Techtextil Review

August 17, 2005

a look at what was on display at recent Frankfurt event

Despite its timing one month after the largest nonwovens event in North America—IDEA ’01—April’s Techtextil ’01 International Trade Fair for Technical Textiles and Nonwovens attracted a large number of nonwovens producers, proving that the role of nonwovens in technical textiles in on the rise. Held April 24-26 in Frankfurt, Germany, the event attracted a record 795 exhibitors from 43 nations, as well as an unprecedented level of attendees—16,600.

Of the visitors, 42% came from outside of Germany. Many of the foreign guests were from European countries including France, the U.K., Italy, Belgium and The Netherlands, but non-European countries such as Japan, the U.S. and Israel were also represented.

Held concurrent with the exhibition was the annual Techtextil Symposium, which drew approximately 450 participants. The conference featured more than 100 lectures by renowned international speakers including representatives of key nonwovens companies, such Freudenberg and BBA Nonwovens. The speeches were organized into six main categories—Technical Textiles, New Textiles—New Technologies, Textile Reinforced Concrete, Lightweight Construction, Geotextiles Today, Innovative Automotive Textiles and New Protective Textiles.

Roll Goods Producers Show Presence
The increasing use of roll goods in technical textiles was apparent at Techtextil ’01. With materials ideal for protective apparel, automotives and other technical applications, nonwovens manufacturers came to Frankfurt in droves for the bi-annual event.

AET, Middletown, DE, exhibited its “DelPore” melt blown filtration media, which is available in three standard colors and is suitable for air and liquid filtration. Also new is “DelNet” apertured film that is now coextruded to allow for more specialized textures.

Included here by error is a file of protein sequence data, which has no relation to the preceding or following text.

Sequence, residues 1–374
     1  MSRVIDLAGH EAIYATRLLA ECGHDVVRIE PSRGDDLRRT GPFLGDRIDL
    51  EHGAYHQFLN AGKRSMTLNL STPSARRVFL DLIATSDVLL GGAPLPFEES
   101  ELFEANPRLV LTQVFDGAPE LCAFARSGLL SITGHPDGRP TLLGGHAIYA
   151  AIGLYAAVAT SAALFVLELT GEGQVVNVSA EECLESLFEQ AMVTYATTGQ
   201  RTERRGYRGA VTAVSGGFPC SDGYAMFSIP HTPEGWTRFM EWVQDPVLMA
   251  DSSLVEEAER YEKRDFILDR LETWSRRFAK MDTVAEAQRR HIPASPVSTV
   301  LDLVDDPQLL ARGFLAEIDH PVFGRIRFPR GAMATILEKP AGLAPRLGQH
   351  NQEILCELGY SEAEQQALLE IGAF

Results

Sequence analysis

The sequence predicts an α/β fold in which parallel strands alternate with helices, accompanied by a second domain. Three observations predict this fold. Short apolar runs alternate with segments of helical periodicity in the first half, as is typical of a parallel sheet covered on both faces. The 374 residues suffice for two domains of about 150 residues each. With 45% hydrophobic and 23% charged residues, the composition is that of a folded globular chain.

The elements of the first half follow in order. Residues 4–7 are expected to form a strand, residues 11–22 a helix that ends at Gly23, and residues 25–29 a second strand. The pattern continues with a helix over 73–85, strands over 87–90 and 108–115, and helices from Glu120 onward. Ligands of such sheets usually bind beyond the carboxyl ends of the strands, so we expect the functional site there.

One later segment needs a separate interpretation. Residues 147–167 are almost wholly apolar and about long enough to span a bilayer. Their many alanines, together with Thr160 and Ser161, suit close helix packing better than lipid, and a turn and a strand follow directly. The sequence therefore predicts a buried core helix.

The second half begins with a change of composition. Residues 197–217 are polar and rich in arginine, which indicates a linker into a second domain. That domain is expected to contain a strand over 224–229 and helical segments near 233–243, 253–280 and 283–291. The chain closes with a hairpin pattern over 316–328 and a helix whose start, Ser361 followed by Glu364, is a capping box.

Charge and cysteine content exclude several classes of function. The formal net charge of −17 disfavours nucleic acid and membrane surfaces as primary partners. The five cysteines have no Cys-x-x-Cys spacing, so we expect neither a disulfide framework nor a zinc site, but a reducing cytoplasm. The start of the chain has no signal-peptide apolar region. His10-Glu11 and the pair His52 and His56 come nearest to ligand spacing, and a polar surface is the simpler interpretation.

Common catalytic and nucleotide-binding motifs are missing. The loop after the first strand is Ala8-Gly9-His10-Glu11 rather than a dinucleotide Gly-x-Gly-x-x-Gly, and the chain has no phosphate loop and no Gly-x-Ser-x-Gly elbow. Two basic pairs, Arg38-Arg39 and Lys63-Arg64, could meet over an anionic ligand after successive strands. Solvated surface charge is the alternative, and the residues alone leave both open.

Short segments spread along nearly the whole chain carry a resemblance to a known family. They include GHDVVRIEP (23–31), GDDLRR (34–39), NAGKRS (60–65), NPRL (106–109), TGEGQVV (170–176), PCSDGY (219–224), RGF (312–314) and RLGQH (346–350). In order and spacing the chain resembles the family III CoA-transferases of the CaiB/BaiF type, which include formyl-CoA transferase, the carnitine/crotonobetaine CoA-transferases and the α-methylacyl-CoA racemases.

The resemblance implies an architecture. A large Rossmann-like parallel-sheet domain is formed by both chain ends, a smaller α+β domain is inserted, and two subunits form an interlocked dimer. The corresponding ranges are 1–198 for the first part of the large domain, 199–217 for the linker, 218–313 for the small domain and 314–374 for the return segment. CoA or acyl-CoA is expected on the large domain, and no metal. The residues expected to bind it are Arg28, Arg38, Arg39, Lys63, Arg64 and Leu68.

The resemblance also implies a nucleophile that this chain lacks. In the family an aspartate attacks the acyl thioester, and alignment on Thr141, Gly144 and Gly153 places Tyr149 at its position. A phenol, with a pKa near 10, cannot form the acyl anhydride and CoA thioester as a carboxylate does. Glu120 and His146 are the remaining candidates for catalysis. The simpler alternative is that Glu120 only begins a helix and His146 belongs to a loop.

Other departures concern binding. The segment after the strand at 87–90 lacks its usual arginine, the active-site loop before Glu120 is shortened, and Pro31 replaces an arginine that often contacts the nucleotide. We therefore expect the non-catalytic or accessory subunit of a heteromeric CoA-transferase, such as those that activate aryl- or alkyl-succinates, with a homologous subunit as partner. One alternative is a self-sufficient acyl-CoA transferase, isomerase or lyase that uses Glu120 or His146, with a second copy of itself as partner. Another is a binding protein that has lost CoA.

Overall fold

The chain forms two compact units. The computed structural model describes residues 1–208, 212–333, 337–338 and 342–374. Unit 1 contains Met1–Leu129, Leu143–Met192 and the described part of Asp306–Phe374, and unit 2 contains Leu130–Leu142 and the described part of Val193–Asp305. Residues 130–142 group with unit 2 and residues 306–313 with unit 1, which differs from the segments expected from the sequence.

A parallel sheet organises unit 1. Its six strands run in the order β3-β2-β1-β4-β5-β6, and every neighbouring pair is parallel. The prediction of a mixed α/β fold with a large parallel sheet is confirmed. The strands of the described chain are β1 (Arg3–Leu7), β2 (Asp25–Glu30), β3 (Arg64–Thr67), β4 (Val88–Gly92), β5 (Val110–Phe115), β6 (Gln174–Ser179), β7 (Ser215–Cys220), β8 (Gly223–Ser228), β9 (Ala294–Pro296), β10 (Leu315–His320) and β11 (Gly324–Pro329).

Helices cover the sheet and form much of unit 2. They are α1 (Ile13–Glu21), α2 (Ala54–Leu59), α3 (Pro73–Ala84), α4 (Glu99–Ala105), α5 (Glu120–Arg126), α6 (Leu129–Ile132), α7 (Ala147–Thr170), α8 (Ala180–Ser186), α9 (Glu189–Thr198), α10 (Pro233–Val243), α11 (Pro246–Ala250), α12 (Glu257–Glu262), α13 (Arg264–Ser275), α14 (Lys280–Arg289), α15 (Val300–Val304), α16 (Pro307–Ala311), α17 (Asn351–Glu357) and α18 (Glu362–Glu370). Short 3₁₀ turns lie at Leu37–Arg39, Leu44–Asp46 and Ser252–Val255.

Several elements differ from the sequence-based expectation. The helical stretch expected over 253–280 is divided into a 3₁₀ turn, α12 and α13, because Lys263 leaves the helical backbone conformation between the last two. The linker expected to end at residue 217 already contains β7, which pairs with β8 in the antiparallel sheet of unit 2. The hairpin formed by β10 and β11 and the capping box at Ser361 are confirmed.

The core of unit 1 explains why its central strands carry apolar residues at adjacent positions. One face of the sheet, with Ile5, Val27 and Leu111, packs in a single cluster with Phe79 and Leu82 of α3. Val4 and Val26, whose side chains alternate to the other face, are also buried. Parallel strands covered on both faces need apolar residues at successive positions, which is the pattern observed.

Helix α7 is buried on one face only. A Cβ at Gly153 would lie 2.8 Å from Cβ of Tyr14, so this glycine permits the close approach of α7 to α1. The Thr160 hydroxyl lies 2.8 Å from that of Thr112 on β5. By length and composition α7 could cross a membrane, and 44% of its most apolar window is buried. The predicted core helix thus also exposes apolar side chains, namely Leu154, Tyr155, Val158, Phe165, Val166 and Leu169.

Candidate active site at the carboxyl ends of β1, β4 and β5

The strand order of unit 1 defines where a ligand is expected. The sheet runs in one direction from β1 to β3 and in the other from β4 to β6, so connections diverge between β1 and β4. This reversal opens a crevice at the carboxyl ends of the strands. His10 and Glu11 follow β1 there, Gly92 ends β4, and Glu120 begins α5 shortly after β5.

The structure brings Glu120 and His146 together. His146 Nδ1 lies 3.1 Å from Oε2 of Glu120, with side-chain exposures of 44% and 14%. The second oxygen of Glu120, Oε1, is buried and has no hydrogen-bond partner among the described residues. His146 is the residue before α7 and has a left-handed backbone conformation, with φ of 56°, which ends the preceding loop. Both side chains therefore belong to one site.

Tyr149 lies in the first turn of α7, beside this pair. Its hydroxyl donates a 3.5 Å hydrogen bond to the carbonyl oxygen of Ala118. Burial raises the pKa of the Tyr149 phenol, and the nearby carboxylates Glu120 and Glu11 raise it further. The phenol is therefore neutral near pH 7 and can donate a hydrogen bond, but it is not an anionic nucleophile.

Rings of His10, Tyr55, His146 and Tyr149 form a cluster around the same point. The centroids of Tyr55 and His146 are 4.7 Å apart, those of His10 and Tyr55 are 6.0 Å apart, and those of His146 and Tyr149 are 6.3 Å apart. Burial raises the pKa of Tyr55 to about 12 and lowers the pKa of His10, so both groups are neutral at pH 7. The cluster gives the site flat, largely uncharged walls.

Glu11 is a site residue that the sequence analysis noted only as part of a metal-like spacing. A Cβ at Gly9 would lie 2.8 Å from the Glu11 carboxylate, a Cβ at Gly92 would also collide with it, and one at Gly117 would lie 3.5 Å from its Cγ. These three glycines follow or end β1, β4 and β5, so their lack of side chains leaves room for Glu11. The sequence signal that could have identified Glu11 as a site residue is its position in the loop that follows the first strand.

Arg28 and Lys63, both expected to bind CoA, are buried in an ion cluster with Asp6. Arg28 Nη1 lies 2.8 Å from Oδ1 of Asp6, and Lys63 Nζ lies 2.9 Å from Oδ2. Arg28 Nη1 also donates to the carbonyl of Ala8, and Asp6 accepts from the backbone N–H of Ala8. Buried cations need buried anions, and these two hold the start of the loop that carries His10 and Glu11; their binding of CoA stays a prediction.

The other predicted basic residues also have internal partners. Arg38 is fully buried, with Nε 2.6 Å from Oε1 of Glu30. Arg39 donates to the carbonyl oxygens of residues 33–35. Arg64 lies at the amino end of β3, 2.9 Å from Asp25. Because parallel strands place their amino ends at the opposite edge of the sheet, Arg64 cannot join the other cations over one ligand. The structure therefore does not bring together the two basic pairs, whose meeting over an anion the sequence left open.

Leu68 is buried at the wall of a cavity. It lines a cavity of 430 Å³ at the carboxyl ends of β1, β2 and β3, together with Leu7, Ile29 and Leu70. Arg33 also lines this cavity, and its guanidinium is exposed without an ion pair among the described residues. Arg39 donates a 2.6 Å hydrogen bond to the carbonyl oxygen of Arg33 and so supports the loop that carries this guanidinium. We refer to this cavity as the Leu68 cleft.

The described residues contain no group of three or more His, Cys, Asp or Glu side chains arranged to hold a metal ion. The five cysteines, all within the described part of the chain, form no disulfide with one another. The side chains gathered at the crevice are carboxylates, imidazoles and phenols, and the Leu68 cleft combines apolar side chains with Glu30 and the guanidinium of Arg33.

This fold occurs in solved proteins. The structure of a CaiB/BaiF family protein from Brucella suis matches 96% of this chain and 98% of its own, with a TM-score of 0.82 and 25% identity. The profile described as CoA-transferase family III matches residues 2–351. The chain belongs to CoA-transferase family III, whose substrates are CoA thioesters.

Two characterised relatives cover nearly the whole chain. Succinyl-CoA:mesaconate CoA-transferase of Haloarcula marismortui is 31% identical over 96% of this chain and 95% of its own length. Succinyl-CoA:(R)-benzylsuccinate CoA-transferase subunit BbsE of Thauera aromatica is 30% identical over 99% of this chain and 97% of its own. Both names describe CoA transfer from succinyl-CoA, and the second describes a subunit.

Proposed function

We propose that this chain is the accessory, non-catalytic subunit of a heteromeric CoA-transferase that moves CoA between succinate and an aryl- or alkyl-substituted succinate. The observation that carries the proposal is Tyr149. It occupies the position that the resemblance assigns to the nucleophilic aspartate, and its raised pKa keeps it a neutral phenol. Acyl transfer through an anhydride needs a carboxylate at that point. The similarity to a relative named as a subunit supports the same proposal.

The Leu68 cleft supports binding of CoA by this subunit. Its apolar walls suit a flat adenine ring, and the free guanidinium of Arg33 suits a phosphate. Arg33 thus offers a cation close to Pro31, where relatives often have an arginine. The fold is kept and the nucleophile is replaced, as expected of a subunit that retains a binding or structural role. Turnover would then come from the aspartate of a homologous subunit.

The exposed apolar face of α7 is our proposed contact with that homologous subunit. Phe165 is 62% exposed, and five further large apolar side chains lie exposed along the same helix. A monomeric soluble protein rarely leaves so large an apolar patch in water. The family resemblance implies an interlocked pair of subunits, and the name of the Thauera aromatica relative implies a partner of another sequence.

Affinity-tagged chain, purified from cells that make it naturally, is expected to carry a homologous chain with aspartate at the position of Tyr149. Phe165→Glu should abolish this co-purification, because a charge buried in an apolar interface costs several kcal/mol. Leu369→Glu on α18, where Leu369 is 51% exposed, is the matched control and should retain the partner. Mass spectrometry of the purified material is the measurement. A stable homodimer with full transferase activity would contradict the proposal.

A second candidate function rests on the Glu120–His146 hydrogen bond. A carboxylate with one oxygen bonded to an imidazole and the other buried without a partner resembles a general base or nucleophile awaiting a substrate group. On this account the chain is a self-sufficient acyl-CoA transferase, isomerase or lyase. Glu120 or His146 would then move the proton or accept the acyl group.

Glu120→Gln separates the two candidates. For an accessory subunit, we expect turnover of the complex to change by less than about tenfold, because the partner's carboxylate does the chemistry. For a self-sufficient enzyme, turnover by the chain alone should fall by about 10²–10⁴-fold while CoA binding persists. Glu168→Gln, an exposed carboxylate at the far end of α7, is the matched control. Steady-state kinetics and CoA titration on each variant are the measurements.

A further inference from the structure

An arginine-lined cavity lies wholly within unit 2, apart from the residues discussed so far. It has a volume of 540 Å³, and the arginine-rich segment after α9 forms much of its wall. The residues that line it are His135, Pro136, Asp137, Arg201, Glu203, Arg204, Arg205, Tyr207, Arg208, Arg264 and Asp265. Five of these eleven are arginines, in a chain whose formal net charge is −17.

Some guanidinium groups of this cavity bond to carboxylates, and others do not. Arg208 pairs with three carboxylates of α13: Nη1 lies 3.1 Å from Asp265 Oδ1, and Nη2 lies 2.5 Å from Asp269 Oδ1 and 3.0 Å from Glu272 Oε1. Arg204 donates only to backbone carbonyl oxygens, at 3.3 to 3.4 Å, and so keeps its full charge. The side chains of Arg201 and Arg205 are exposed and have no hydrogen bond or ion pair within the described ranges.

The acquisition of Snow Filtration and AQF Technologies as well as various investments into new production technologies and capacity extensions has demonstrated London, U.K.-based BBA Nonwovens’ commitment to developing the technical sector as a core business. Features of the company’s Techtextil exhibit were the extension of its “Ultraflo” range of filtration products, new needle felt products, high electrical conductivity productions and an extension of the company’s service portfolio.

Cerex Advanced Fabrics, Pensacola, FL, showed its “Orion” spunbonded nylon reinforcing fabric. It can be used in many applications including rug binding, filtration and automotives.

Making its debut at Techtextil ‘01 was the European Division of Foss Manufacturing, Hampton, NH, which came onstream late last year after the completion of the company’s first European plant in Pulversheim, France. The division produces needlepunched nonwovens for technical applications.

Freudenberg, Weinheim, Germany, focused on its new material, “Evolon,” which consists of microfilaments directly spun from polymer granules. The fineness of these microfilaments makes Evolon suitable for a wide range of textile finishing possibilities including automotives, home furnishings and apparel. In the automotive industry, Evolon textiles are used in headliner facings, pillar covers, upholstery materials and trunk liners; in home furnishings it is used in bed sheets, window treatments and blinds. In the apparel industry, Evolon can be used in sportswear and outdoor clothing due to its good breathing activity, excellent moisture transport and quick drying time as well as excellent heat insulation and natural ultraviolet protection.

Joint International, Bergen, The Netherlands, is a supplier of nonwoven roll goods, upgraded nonwovens and laminating media. The company’s technologies include spunlaced, thermal bonding, air through bonding, chemical bonding, spunbond, SMS and air laid for applications including baby and adult diapers, sanitary protection and medical.

Fritz Landolf, Näfels, Switzerland, showed a floorliner “FR,” which can protect a floor during home remodeling. Flame retardant and reusable, FR is made from polyester needlepunched material. Landolt specializes in geotextiles, filtration media, construction and carpet underpads.

Johns Manville, Denver, CO, used Techtextil to launch its Johns Manville Europe European Business Unit with a uniform corporate identity. Johns Manville Europe employs 2600 people at 10 locations to produce high quality glass and polyester-based textile products. Of particular interest was the company’s latest product development, “CombiTex”—a hybrid yarn that facilitates the economic manufacture of lightweight plastic molds with improved tensile strength. The company was also promoting “Combimat,” bitumen roofing substrates that combine the advantages of polyester and glass fiber mat.